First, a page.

[This op-ed was originally published on FutureChallenges.org.]
“There are many who don’t wish to sleep for fear of nightmares. Sadly, there are many who don’t wish to wake for the same fear.” (Richelle Goodrich)
It’s two years now since the Syrian people first took to the streets to protest against the dictatorial iron fist of Bashar Al-Assad. His blood-thirsty repression has left countless injured and dead while more than a million people have fled the country seeking a safer and better life for themselves and their families.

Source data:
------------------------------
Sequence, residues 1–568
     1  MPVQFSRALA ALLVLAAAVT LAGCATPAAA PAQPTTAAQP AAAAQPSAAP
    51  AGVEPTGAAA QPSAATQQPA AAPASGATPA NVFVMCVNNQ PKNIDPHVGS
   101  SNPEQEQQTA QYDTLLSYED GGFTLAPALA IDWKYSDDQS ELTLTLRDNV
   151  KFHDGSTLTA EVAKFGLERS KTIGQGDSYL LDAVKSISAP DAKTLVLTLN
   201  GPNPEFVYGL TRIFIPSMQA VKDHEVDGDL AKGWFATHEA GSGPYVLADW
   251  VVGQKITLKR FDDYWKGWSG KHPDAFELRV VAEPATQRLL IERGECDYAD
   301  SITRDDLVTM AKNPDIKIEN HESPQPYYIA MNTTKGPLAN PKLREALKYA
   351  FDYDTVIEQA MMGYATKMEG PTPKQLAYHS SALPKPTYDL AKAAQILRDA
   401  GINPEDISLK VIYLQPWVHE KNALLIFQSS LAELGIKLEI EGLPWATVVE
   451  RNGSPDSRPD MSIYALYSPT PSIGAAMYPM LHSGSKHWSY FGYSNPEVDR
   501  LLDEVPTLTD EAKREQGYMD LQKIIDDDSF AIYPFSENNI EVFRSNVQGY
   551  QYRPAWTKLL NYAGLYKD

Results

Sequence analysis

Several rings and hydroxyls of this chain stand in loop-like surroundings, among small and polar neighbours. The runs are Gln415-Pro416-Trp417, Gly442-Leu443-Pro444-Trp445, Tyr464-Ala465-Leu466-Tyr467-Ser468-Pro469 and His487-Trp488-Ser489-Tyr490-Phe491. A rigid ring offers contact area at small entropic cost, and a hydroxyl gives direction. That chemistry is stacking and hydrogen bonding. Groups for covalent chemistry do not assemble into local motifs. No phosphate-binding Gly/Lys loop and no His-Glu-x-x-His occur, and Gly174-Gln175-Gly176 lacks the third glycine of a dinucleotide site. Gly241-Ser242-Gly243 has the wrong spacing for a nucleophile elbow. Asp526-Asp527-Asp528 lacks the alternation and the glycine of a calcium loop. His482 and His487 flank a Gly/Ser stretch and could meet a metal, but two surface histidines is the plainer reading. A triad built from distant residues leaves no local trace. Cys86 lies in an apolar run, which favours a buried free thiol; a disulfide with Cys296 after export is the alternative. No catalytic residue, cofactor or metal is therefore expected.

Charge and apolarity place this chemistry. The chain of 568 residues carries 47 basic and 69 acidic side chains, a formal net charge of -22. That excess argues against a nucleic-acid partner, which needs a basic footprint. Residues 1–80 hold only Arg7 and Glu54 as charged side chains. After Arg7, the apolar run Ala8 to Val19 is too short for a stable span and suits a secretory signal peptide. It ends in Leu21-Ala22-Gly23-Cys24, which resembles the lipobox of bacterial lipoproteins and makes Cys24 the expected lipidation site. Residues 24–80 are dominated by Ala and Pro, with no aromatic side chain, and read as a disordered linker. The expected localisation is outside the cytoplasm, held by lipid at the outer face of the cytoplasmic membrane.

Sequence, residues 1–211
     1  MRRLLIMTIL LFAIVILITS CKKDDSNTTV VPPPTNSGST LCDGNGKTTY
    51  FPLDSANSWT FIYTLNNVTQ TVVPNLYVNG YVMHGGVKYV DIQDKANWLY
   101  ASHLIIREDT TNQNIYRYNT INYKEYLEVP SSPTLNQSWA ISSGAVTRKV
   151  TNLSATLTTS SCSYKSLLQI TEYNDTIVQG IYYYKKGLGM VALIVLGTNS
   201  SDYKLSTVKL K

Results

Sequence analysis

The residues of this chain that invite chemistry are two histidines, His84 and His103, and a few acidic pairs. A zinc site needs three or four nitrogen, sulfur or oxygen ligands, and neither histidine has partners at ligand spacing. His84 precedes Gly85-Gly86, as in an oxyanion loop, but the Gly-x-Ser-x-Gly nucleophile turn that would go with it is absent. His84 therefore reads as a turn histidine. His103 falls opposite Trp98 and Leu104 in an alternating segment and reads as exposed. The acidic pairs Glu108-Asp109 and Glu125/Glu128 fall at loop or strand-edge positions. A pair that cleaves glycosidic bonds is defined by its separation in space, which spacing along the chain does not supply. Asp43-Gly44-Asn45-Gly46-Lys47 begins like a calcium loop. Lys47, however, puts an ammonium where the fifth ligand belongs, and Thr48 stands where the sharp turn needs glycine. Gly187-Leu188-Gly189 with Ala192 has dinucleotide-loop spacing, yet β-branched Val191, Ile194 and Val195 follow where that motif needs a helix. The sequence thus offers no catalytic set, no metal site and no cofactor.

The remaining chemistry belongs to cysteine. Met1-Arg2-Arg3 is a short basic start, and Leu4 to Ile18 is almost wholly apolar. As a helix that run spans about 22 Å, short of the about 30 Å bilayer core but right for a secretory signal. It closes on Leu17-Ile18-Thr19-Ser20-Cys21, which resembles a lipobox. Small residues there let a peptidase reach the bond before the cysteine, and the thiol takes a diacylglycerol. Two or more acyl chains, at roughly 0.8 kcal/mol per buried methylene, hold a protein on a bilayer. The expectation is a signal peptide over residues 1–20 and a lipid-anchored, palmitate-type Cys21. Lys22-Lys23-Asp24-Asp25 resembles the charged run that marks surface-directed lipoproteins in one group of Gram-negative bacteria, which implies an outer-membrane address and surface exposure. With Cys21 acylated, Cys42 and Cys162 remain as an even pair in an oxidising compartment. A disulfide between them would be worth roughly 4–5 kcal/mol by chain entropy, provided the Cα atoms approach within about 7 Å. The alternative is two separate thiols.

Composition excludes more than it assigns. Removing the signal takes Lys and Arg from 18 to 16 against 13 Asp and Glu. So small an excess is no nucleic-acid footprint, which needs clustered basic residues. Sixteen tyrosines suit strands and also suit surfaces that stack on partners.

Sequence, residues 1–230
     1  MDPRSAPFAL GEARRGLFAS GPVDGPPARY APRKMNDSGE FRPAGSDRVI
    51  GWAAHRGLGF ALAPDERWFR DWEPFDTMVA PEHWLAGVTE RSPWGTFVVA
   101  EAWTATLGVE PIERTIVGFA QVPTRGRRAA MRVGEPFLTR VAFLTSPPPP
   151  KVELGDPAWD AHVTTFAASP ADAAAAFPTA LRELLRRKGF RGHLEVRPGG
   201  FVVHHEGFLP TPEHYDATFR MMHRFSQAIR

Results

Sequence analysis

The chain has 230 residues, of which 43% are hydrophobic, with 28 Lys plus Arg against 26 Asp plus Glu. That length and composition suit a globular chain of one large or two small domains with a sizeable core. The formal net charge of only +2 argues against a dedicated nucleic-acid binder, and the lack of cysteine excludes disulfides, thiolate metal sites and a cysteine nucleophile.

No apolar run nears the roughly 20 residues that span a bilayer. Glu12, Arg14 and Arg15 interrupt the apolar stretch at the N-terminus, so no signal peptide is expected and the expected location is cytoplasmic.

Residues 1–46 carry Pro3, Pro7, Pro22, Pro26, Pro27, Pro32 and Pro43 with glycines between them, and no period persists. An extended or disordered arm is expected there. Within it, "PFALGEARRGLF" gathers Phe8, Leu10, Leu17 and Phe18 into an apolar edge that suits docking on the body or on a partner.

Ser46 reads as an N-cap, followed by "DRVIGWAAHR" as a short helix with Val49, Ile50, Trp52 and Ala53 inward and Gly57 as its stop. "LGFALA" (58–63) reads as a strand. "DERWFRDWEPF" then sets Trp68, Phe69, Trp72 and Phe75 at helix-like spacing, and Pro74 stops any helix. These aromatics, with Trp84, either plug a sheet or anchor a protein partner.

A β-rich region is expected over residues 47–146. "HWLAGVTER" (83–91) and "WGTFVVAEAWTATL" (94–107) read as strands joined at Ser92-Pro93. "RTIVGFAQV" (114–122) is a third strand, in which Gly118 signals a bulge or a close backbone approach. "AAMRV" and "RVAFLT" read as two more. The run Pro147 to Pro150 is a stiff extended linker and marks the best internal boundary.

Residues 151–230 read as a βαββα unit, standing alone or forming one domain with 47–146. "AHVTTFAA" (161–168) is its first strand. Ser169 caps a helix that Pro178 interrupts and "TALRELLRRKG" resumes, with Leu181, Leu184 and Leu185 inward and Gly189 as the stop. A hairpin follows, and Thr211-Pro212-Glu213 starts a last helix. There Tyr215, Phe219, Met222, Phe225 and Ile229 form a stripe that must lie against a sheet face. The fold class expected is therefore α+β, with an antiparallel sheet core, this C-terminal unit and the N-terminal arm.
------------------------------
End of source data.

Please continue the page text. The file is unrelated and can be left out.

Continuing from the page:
I want to talk here about Syrian refugees and more particularly about women refugees and their daily nightmare. Of course, I could lambast the criminality of international political sluggishness or argue there is still hope for this beautiful country and its people. But others have done high-voltage political analysis before me and I don’t feel any need to dress up in words my gut instinct that the days of the foul Bashar dictatorship are numbered.